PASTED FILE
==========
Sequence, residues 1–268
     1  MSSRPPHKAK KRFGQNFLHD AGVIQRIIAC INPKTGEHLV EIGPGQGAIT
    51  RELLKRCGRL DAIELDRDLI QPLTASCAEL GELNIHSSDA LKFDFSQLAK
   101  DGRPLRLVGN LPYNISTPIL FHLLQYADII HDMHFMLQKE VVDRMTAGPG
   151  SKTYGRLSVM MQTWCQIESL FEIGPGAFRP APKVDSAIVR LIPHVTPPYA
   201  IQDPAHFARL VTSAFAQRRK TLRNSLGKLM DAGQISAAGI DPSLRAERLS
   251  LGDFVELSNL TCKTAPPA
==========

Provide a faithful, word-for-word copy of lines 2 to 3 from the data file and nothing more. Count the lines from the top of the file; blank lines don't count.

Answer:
     1  MSSRPPHKAK KRFGQNFLHD AGVIQRIIAC INPKTGEHLV EIGPGQGAIT
    51  RELLKRCGRL DAIELDRDLI QPLTASCAEL GELNIHSSDA LKFDFSQLAK